Skip to main content

News Release

24th Navajo Nation Council

Chairman Rickie Nez and members of the Resources and Development Committee (RDC) of the 24th Navajo Nation Council share concern over the lack of tribal consultation by the U.S. Department of Interior (DOI) regarding the Biden Administration's proposal of a 20-year ban on oil and gas drilling within a 10-mile radius of the Chaco Culture National Historical Park in northwestern New Mexico.

Last week, federal officials from the Farmington Bureau of Land Management (BLM) field office and the Bureau of Indian Affairs (BIA) joined the Resources and Development Committee for a leadership meeting to discuss their proposal to prohibit any new entry on public federal lands that is authorized under the Mining Law of 1872. The U.S. Department of Interior plans to withdraw land approximately 351,500 acres around Chaco Canyon in the eastern agency of the Navajo Nation.

Pictured: Resources and Development Committee Chairman Rickie Nez of the 24th Navajo Nation Council meets with the White House Tribal Affairs Office in Washington, D.C.

Pictured: Resources and Development Committee Chairman Rickie Nez of the 24th Navajo Nation Council meets with the White House Tribal Affairs Office in Washington, D.C.

“The Biden Administration and Interior Department bypassed previous requests to Congress for field hearings and for federal officials to hear directly from our Navajo families residing in the Chaco Canyon region. The Navajo Nation continues to advocate for a 5-mile buffer within and around this sacred landscape. It is important that the federal government follow the Biden memorandum that directs all federal agencies to honor tribal sovereignty and include the voices of tribes in policy deliberations that affect their communities,” said Chairman Rickie Nez (T'iistsoh Sikaad, Nenahnezad, Upper Fruitland, Tsé Daa K'aan, Newcomb, San Juan).

On January 26, 2021, the Memorandum on Tribal Consultation and Strengthening Nation-to-Nation Relationships was signed by President Joe Biden and provided a blueprint for federal agencies to follow.

Scroll to Continue

Read More

“We are sharing the concerns of our Navajo families who own allotments that will be impacted by the decisions of the Bureau of Land Management and Interior Secretary Debra Haaland. The Navajo Nation Council passed a resolution to maintain a 5-mile buffer zone for the Chaco Canyon region and it is supported by President Jonathan Nez. As leaders of the largest tribal nation in the United States, it is our duty to hold the federal government accountable. We will always protect our natural resources, our sacred land and water, and the voices of our people,” said Council Delegate Wilson Stewart Jr. (Fort Defiance, Crystal, Red Lake, Sawmill).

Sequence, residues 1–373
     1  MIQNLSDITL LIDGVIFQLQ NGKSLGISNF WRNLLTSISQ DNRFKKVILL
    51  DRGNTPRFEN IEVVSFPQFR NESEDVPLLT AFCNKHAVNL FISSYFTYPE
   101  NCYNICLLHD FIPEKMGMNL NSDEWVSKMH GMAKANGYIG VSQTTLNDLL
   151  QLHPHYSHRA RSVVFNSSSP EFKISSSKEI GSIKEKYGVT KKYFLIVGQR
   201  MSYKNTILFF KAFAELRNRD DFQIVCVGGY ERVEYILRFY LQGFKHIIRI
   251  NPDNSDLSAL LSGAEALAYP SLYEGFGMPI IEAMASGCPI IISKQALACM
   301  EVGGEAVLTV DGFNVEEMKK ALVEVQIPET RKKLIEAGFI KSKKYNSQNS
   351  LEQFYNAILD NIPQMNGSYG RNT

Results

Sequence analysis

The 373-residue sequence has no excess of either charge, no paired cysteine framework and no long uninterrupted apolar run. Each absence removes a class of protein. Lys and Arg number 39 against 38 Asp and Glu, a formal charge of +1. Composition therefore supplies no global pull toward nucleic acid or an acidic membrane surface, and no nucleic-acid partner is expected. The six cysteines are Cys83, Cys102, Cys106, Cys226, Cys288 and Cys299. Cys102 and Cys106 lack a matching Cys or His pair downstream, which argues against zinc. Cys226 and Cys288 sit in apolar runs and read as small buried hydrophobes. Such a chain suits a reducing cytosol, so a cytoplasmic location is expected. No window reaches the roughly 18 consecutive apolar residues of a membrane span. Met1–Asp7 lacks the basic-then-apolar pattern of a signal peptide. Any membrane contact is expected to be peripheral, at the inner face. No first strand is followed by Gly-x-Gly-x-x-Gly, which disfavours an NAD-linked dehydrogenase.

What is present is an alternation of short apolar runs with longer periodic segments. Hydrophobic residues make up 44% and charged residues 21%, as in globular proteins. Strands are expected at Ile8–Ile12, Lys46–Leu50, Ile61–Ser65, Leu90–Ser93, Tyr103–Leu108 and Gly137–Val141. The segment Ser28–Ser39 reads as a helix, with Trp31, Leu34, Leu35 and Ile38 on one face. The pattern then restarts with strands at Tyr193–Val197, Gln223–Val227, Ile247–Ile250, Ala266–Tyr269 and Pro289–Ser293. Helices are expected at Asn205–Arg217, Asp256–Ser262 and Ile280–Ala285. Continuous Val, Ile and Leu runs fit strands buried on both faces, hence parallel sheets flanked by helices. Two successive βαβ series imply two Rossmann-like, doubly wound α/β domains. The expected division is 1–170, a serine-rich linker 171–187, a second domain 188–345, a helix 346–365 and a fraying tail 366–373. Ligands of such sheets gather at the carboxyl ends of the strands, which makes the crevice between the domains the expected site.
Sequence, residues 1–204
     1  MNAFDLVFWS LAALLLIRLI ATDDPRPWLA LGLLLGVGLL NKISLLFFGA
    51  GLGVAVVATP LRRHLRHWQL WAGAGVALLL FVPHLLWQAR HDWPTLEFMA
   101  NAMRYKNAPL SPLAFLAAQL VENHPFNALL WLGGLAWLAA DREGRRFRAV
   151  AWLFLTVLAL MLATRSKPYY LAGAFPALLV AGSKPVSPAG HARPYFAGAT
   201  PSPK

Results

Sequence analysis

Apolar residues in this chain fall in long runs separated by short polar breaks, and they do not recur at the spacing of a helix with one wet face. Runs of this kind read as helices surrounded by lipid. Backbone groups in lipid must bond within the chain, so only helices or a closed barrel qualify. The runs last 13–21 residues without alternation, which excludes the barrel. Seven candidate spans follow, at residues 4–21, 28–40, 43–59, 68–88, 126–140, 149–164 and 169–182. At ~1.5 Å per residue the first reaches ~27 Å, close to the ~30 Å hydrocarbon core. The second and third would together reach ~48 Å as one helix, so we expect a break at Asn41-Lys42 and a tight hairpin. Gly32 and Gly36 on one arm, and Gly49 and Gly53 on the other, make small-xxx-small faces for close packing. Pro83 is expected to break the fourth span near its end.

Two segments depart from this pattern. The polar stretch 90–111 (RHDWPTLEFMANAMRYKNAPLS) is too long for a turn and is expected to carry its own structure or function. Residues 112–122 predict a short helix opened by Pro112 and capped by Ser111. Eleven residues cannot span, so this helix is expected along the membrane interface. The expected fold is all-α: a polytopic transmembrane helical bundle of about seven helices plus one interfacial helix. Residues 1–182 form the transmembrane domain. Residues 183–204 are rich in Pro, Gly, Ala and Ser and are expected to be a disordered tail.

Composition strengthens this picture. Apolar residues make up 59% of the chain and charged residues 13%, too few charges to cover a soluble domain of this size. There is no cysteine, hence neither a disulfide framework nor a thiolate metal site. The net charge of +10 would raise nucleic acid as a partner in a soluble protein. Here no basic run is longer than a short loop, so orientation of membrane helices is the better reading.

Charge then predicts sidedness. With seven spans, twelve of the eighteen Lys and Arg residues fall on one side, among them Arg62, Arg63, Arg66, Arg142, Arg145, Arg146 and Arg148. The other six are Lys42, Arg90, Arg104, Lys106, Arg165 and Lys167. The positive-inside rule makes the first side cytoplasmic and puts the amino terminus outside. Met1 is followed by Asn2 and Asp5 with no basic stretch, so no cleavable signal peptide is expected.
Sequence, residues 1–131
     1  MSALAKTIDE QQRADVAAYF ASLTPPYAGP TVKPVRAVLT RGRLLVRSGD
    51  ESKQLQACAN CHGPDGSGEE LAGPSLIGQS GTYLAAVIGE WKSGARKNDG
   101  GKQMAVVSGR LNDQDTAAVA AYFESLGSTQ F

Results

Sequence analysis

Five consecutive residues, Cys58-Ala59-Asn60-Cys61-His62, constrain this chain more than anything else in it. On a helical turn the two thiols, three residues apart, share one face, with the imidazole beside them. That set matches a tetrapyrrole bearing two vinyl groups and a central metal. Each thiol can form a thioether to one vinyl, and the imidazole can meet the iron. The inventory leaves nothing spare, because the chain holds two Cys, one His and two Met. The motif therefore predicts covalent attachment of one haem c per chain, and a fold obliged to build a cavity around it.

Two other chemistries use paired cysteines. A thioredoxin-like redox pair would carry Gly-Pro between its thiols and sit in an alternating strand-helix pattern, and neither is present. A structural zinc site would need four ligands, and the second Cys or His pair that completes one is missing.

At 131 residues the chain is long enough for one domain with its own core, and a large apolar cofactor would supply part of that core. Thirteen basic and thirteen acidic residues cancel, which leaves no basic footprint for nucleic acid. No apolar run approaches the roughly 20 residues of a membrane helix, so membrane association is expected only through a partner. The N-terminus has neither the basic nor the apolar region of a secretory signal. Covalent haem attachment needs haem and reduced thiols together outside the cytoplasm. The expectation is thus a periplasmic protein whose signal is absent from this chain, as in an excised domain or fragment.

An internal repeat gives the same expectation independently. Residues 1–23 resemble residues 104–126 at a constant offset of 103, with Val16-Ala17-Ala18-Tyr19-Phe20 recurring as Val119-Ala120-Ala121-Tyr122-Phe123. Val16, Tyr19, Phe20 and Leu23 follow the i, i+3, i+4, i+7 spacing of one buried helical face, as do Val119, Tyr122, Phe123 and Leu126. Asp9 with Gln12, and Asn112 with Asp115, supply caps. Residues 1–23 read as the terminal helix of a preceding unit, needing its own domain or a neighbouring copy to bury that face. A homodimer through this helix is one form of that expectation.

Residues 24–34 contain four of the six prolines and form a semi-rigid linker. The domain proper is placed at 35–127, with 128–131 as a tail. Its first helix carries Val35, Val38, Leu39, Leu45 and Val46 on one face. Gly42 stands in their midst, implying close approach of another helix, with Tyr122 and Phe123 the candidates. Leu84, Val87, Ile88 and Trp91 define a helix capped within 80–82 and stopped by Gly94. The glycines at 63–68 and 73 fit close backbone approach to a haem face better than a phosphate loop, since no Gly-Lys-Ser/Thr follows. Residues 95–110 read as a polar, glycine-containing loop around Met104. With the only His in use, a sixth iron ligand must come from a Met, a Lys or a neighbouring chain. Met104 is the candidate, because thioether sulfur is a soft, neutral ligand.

As the primary stakeholder of trust, fee, and allotted land, the Navajo Nation continues to request for a Congressional field hearing and meetings with the Interior Department and Secretary Debra Haaland to hear directly from allottees. Additionally, the completion of a subsequent ethnographic study has yet to be completed, even though action has already been taken.

“The federal withdrawal of lands by the Bureau of Land Management will severely impact the Navajo Nation and our allottees. It is important that meaningful and adequate tribal consultation be had to have all parties involved in order to properly understand the true intent. The White House stated that any decisions impacting a sovereign tribal nation would involve consultation, and this has yet to happen with the Navajo Nation,” said Council Delegate Mark Freeland (Becenti, Lake Valley, Náhodishgish, Standing Rock, Whiterock, Huerfano, Nageezi, Crownpoint).

April 6, 2022, is the deadline for the newly proposed administrative moratorium for public comments and tribal consultation before an environmental analysis per the National Environmental Policy Act (NEPA) is submitted to the Interior Secretary for consideration.

Members of the Resources and Development Committee continue to engage Congressional representatives and the White House on the economic and environmental priorities of the Navajo Nation. 

“The Biden Administration must respect our tribal sovereignty and what the government to government relationship entails. The Chaco Canyon Cultural Historical Site is located on sovereign Navajo land and the federal government has a sacred trust responsibility to work with Navajo leaders to solve this matter in the best interest of the Navajo people,” said Speaker Seth Damon (Bááhaalí, Chichiltah, Manuelito, Red Rock, Rock Springs, Tséyatoh).

In January 2020, the Naabik’íyáti’ Committee passed Resolution No. NABIJA-05-20 opposing H.R. 2181 and S. 1079 — “The Chaco Heritage Area Protection Act of 2019” — until a buffer zone surrounding the Chaco Culture National Historical Park was reduced to 5 miles. 

24th Navajo Nation Council - logo